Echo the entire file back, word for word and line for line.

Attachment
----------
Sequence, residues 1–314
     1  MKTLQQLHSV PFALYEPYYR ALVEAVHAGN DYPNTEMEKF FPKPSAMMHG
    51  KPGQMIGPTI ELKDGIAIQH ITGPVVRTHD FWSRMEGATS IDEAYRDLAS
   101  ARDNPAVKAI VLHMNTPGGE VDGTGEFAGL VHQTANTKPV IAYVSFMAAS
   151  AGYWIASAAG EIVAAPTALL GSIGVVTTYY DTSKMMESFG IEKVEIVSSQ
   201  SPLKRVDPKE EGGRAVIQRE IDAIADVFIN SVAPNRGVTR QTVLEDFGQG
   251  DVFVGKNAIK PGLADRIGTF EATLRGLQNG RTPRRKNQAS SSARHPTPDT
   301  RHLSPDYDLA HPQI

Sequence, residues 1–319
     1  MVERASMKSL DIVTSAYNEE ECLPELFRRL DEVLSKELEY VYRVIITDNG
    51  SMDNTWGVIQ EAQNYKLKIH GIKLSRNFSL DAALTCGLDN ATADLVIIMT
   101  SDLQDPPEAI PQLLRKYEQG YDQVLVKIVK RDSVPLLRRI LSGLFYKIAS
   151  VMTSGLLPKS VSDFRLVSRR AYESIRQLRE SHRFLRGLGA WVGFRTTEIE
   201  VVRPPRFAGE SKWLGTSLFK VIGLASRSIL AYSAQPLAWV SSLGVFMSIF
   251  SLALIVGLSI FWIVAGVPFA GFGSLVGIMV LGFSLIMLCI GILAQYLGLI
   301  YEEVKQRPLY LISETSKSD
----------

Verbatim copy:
Sequence, residues 1–314
     1  MKTLQQLHSV PFALYEPYYR ALVEAVHAGN DYPNTEMEKF FPKPSAMMHG
    51  KPGQMIGPTI ELKDGIAIQH ITGPVVRTHD FWSRMEGATS IDEAYRDLAS
   101  ARDNPAVKAI VLHMNTPGGE VDGTGEFAGL VHQTANTKPV IAYVSFMAAS
   151  AGYWIASAAG EIVAAPTALL GSIGVVTTYY DTSKMMESFG IEKVEIVSSQ
   201  SPLKRVDPKE EGGRAVIQRE IDAIADVFIN SVAPNRGVTR QTVLEDFGQG
   251  DVFVGKNAIK PGLADRIGTF EATLRGLQNG RTPRRKNQAS SSARHPTPDT
   301  RHLSPDYDLA HPQI

Sequence, residues 1–319
     1  MVERASMKSL DIVTSAYNEE ECLPELFRRL DEVLSKELEY VYRVIITDNG
    51  SMDNTWGVIQ EAQNYKLKIH GIKLSRNFSL DAALTCGLDN ATADLVIIMT
   101  SDLQDPPEAI PQLLRKYEQG YDQVLVKIVK RDSVPLLRRI LSGLFYKIAS
   151  VMTSGLLPKS VSDFRLVSRR AYESIRQLRE SHRFLRGLGA WVGFRTTEIE
   201  VVRPPRFAGE SKWLGTSLFK VIGLASRSIL AYSAQPLAWV SSLGVFMSIF
   251  SLALIVGLSI FWIVAGVPFA GFGSLVGIMV LGFSLIMLCI GILAQYLGLI
   301  YEEVKQRPLY LISETSKSD